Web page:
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New Rule Targets HELOC Holders Seeking A Second Mortgage.


When Mortgage comes up for Renewal. 

your mortgage is up for renewal.  Many people make the mistake of renewing with their current lender.  Most of the time the lender will never offer you a competitve rate. A mortgage broker can shave thousands of your mortgage by seeking a much better rate and product. Always talk to a Mortagae Professional.

Rob Fuccenecco 250.830.8232 fugi@telus.net

www.campbellrivermortgaegbrokers.ca

Peak Mortgages - NI Mortgages


If you have a secured line of credit on you home and you want to purchase a second home that may now affect you.  Some of the lenders are now debt servicing the limit on your secured line of credit. example if you have a 200,000 secured line of credit and only own 15,000 on it,  the lenders will qualify you on the full 200,000 whether it is used or not. Many banks push lines of credits onto clients. The questions is, how can that affect you long term.  Lines of credit are getting people into a high debt situation where they are only paying the interst not the principle balance. Line of credits should be used with caution. Tempation is always there to use it, without paying the principle balance off in a timely fashion.

For more qeustions contact me

Rob Fuccenecco 250.830.8232  fugi@telus.net

www.CampbellRiverMortgages.com



Understanding Land Transfer Tax for a Newly Built Home Exemption:

Newly Built Home Exemption

 The Newly Built Home Exemption reduces or eliminates the amount of property transfer tax you pay when you purchase a newly built home.

 A newly built home includes:

  • a house constructed and affixed on a parcel of vacant land
  • a new apartment in a newly built condominium building
  • a manufactured home that is placed and affixed on a parcel of vacant land
  • an already constructed house that is removed from one parcel of land and affixed to another parcel of vacant land, as long as the house hasn’t been occupied since it was placed on the new parcel of vacant land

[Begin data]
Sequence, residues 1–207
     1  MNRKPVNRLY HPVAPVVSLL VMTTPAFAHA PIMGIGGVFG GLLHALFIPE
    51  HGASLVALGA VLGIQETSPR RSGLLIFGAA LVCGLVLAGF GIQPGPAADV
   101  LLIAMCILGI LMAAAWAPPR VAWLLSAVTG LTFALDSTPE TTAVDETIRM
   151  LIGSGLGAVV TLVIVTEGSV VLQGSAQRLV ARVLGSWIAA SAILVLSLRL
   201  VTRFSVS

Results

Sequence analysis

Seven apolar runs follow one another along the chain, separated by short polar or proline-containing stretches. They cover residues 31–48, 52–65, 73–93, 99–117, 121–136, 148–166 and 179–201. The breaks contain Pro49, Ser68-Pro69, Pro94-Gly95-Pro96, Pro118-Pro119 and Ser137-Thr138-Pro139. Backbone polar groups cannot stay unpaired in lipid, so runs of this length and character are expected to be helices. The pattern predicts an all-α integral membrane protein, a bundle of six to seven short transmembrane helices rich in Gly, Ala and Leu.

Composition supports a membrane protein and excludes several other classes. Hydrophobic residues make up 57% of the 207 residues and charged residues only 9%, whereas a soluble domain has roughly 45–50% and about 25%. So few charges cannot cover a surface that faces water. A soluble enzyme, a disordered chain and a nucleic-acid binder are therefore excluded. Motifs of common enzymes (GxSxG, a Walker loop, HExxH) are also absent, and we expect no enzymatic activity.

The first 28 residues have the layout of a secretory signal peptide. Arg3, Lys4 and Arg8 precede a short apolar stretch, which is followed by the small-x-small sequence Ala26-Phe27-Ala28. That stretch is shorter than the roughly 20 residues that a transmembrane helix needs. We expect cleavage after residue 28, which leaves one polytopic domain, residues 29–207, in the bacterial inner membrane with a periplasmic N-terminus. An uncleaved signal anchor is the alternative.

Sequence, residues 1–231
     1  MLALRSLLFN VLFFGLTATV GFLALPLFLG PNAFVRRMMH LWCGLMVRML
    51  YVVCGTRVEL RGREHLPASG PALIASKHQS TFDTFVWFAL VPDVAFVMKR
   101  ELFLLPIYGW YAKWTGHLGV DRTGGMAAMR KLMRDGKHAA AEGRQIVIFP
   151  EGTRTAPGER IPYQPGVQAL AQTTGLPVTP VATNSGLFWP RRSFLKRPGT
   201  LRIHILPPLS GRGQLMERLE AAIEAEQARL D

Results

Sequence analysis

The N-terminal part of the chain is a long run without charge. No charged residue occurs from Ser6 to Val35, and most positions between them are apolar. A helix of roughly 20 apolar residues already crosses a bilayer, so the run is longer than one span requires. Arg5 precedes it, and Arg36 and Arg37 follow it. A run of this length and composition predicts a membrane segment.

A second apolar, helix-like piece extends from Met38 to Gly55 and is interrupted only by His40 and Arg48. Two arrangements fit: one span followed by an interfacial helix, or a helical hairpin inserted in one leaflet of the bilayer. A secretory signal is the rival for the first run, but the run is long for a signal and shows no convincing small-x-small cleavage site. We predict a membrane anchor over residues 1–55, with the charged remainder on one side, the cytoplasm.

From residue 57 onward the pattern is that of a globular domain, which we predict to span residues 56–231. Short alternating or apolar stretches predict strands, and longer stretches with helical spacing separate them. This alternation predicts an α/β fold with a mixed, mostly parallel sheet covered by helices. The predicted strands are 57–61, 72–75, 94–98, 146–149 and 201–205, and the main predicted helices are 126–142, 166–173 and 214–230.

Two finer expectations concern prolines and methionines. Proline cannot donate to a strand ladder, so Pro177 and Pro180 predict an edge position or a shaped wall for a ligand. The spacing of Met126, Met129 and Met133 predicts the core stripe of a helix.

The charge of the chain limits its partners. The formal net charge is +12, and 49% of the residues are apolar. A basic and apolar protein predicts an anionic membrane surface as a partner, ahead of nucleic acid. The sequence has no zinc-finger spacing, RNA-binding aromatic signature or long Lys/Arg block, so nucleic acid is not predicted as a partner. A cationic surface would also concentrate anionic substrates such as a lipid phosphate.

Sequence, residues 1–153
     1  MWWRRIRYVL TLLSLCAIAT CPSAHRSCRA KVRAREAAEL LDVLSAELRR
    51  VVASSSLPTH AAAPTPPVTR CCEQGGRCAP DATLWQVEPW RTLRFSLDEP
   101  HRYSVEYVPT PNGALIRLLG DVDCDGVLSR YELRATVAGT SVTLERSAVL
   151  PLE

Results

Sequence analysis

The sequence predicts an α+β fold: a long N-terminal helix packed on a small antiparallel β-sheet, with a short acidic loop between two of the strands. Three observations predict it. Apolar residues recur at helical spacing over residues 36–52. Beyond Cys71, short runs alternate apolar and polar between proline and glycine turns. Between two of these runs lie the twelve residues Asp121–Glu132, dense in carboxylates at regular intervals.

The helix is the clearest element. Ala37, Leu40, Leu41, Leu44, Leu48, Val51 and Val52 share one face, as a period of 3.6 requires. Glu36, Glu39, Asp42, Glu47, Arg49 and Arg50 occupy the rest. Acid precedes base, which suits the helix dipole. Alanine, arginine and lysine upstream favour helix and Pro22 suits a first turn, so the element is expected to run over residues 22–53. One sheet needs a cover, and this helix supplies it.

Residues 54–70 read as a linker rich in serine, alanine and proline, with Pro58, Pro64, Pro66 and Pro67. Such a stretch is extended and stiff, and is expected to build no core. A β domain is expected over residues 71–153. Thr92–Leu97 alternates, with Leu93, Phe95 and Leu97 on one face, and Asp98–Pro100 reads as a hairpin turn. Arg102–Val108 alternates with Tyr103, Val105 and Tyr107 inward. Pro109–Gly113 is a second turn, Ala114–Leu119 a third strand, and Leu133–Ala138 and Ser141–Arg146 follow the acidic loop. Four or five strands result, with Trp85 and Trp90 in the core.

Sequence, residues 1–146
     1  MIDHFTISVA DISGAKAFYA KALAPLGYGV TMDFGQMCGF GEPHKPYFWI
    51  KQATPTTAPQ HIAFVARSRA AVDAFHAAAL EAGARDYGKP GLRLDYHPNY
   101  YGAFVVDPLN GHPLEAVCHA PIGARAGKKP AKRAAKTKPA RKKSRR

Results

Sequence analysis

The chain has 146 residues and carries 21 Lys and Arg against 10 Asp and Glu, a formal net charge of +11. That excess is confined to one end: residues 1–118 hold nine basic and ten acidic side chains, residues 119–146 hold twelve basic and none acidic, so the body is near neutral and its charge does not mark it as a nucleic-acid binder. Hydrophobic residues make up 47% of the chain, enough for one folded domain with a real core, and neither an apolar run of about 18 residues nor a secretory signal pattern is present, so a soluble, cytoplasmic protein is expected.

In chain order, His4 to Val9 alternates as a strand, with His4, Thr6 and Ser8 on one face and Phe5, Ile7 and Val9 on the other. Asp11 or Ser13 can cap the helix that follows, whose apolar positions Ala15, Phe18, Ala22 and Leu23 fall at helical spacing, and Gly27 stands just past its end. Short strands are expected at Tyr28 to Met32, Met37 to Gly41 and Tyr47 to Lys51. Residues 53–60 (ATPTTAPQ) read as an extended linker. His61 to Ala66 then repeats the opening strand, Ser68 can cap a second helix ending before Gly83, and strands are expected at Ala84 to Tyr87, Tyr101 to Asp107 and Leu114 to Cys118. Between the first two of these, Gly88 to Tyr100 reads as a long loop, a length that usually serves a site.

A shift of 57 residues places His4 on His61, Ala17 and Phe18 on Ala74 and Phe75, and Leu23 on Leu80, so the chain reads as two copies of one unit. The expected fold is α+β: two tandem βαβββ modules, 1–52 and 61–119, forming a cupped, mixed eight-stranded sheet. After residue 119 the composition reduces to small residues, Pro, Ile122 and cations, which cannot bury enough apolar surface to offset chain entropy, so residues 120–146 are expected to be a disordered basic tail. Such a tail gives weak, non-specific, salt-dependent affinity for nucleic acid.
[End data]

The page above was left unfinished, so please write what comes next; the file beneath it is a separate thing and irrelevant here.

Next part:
• a house resulting from the division of an existing improvement affixed to a parcel of land that was also subdivided, as long as this house hasn’t been occupied since the subdivision of the parcel
  • a house converted from an existing improvement on the land. The previous improvement couldn’t have been used as residential (e.g. a warehouse converted into apartments).

If you qualify for the exemption, you may be eligible for either a full or partial exemption from the tax.

If you paid property transfer tax when you purchased vacant land and you now have a newly built home on the land, you may be eligible for a refund of the property transfer tax you paid.

Do I Qualify?

To qualify, the property (land and improvement) transfer must be registered at the Land Title Office after February 16, 2016 and you must be:

an individual a Canadian citizen or permanent resident (you will be asked to provide your Social Insurance Number (SIN) or proof of permanent residency and your birthdate) and the property must:

  • be located in B.C.
  • only be used as your principal residence
  • have a fair market value of $750,000 or less
  • be 0.5 hectares (1.24 acres) or smaller

You may qualify for a partial exemption, if the property:

 
Rob Fuccenecco | 250.830.8232 | fugi@telus.net
Peak Mortgages - The Mortgage Centre  
 
Campbell River


GDS and TDS: One of the ways lenders decide what you can afford is based on a couple of main metrics.

GDS: Gross Debt Service Ratio: is the percentage of your pre tax income needed to pay your housing costs. Lenders will look at the monthly mortgage payments, property taxes, condo fee's and heating costs. Add that all up and divide by your gross monthly pay. If your credit ( beacon ) score is good that ratio will less then 39%.

 

TDS: Total Debt Service Ratio: Lenders will need to know how much of your income will go to covering your debts, like credit cards, lines of credits car loans, secured and unsecured debt etc...If you credit score is good the ratio is maxed at 44%. 

Rob Fuccenecco | www.CampbellRiverMortgages.com | 250.830.8232 | fugi@telus.net

Peak Mortgages

 

 

Stress Test Update:

With the new stress test in force, many people have a lot of qeustions. Please do not hesitate to contact me at anytime to discuss.